The 14 pieces of Louis Vuitton 2054 are transformable and multi-functional. Was it a case of "no limits" in terms of design?
From the start, the goal with Louis Vuitton 2054 was to rethink the brand for the future. Starting from the central theme of multi-functionality, we tackled the technical challenges one after the other, making the field of possibilities more concrete and precise.
Is Louis Vuitton 2054 a link between yesterday and tomorrow for the house?
It is certain that all creative research starts from what took place upstream. It is only by understanding the past that one is able to bring something new to the present. I found it interesting to start from the fact that Louis Vuitton was originally dedicated to the art of travel in 1854 - and then to imagine what it could be two centuries later. What needs of its customers will it meet in 2054? How will our collective approach to clothing evolve? Performance, transformation, and versatility seemed to me the important things to realise.
What was your source of inspiration?
I was strongly inspired by camping equipment, and the need to be able to transform everything, for the ease of transport.
What type of man is this collection aimed at?
This capsule is perfect for the luxury outdoor enthusiast. Each piece is produced in response to a specific need.
There are many icons in this collection: the LV logo in 3D, the Monogram in trompe l'oeil, the zipper in transparent Plexi...
Visual codes remain the most effective way to assert a distinctive DNA, and they differentiate one collection from another in a clear and immediate way.
How is this capsule different from others before it?
The idea behind this collection is to refine and sharpen the proposal of clothing and essential accessories as foundations of a wardrobe. Previously, for Pre-Fall 2019, we launched Staples Edition, another full-fledged line. Louis Vuitton 2054 is the continuation of this project: building a collection that covers all areas in the contemporary way of dressing.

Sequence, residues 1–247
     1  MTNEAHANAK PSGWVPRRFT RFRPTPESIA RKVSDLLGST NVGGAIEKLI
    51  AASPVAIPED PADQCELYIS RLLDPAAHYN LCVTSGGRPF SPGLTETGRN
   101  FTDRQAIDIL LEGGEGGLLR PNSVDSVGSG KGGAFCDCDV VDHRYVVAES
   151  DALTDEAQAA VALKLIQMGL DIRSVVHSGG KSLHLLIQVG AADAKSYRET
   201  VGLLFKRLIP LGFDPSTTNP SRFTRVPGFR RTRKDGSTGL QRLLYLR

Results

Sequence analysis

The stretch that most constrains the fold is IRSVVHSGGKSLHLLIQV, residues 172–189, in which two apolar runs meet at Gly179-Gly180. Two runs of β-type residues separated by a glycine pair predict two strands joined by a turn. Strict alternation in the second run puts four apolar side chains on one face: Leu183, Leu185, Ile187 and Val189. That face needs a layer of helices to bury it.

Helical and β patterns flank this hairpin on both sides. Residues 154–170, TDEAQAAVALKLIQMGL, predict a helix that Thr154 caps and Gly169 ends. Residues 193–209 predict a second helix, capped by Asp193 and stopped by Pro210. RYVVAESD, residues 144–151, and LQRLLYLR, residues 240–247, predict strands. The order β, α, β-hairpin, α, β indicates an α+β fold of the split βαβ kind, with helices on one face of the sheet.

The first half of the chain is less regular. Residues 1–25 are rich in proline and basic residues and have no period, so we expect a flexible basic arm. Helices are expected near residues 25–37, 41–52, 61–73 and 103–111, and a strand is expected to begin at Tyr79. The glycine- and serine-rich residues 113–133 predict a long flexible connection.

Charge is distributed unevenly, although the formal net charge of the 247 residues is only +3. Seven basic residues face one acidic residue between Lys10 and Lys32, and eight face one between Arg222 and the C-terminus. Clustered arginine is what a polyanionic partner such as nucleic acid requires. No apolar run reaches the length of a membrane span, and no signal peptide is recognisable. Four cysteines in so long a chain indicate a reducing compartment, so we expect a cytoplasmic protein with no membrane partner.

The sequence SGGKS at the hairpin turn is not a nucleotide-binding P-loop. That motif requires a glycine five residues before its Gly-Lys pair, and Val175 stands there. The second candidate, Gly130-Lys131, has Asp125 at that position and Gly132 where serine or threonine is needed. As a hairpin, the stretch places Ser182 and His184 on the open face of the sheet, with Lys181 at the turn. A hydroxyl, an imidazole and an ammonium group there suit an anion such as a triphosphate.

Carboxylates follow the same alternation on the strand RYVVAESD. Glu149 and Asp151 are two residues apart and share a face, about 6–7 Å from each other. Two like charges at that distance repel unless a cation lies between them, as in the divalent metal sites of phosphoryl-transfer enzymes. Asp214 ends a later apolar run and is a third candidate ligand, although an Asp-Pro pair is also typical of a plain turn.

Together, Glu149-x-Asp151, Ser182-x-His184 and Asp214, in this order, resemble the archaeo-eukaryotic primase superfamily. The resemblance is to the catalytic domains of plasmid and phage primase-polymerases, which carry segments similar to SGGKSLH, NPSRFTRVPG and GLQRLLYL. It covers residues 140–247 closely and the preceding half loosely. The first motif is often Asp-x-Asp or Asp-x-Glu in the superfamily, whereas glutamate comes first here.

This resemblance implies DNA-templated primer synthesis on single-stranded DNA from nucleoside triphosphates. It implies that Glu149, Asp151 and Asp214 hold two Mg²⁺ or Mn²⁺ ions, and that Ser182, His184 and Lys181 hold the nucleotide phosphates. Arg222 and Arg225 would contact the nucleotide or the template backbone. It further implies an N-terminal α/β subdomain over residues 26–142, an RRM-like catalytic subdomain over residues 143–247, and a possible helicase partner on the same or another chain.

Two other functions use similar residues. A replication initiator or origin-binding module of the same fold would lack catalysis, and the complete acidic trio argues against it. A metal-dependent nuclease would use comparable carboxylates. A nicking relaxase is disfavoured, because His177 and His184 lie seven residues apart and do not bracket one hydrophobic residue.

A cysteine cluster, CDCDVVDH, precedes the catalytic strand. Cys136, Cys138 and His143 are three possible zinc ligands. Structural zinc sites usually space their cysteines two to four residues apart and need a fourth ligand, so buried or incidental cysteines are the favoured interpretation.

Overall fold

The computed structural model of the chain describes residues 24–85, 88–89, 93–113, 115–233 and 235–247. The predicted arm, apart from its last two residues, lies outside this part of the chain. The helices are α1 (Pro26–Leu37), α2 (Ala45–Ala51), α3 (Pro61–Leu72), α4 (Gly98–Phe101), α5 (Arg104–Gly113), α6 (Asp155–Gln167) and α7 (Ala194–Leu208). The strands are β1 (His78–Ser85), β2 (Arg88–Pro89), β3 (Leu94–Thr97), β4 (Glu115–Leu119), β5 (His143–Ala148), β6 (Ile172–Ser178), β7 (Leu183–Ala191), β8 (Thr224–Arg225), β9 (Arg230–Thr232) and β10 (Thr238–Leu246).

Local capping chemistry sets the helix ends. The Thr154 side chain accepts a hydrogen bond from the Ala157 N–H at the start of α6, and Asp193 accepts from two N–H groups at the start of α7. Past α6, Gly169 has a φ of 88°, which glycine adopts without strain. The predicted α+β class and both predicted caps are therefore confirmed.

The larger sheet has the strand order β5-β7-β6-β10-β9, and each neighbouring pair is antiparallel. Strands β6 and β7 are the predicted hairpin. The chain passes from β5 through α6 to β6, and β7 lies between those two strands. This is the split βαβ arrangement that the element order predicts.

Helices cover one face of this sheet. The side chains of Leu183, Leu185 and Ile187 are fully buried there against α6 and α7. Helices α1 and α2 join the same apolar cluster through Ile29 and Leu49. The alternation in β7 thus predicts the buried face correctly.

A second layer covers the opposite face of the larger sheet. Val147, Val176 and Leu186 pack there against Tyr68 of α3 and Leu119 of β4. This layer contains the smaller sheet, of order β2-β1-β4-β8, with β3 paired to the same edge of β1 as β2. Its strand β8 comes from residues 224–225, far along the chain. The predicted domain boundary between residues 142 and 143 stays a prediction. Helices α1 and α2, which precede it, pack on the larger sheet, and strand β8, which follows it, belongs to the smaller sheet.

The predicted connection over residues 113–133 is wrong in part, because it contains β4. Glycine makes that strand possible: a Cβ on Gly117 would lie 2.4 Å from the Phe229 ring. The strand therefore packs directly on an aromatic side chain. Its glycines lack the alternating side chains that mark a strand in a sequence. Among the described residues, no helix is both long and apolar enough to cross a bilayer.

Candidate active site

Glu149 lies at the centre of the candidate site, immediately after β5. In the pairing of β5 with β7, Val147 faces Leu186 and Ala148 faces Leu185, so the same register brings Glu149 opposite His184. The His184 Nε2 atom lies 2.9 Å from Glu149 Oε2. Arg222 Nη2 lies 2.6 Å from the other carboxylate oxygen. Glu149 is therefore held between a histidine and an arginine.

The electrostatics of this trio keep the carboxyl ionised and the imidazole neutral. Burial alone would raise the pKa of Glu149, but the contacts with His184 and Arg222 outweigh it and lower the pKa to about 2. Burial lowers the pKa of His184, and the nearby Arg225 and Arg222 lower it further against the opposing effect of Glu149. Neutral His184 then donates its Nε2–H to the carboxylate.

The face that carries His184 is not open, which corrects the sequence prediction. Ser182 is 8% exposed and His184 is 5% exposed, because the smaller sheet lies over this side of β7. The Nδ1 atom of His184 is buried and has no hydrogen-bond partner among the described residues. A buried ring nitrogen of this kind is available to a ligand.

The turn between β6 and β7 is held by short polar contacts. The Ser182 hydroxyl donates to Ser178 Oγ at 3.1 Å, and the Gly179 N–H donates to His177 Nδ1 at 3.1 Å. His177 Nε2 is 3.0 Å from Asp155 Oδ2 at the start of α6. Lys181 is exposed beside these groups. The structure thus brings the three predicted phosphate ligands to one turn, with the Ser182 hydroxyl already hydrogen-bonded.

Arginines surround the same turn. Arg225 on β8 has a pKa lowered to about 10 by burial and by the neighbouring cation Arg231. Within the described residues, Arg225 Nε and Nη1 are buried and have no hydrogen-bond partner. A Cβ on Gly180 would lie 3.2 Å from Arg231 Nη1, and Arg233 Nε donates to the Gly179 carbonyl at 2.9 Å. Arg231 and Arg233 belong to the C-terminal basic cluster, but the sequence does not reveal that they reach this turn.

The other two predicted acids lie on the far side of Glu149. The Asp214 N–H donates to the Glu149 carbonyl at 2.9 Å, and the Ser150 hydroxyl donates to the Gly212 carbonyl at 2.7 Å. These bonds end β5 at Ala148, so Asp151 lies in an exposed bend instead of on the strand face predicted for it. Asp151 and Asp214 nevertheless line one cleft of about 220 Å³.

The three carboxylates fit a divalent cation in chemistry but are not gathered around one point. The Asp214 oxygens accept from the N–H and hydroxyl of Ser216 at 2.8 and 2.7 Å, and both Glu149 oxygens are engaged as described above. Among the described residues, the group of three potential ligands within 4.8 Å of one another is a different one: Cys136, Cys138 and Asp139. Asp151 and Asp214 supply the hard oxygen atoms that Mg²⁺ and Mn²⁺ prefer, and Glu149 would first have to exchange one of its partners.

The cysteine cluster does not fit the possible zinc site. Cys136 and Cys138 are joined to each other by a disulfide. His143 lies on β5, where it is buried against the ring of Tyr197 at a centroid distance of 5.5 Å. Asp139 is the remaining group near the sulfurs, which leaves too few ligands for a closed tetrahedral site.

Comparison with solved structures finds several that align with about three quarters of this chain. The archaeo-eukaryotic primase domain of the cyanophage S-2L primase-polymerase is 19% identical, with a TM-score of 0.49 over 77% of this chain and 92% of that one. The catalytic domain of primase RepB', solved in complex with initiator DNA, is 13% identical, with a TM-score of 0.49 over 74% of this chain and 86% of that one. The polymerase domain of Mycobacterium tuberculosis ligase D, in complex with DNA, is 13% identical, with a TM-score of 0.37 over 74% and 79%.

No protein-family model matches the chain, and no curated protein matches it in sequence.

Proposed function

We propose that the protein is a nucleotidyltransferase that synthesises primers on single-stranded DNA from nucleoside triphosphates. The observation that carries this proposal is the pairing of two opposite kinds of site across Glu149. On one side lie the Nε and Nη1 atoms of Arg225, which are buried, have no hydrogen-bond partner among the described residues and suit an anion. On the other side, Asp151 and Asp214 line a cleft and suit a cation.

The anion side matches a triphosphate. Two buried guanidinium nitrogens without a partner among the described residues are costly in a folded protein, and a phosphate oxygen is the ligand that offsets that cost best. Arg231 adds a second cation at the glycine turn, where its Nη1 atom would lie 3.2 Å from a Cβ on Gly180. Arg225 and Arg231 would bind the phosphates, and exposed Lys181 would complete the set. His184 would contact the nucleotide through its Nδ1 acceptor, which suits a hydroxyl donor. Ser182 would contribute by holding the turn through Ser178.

You described this collection as a performance, playing with urban codes and activewear techniques. Is this new at Louis Vuitton?
Not that much, because the idea has always been to stay tuned and in tune with the world around. Today, we live in a time of growing awareness, personal and also global, where everyone seems to want to test their own limits. With more requirements in our way of consuming, we expect products to be efficient, useful, and multi-functional. So much so that the techniques go far beyond the purpose of aesthetics - a coat that can be turned into a tent or an over-shirt that turns into a pillow. The idea might seem extreme but it actually reflects the state of mind of the moment.
Would you call this collection a case study?
I am convinced that the future of fashion will involve it surpassing aesthetic considerations. This is why this project is indeed a study.
First seen in the December/January issue of L'Officiel Hommes Singapore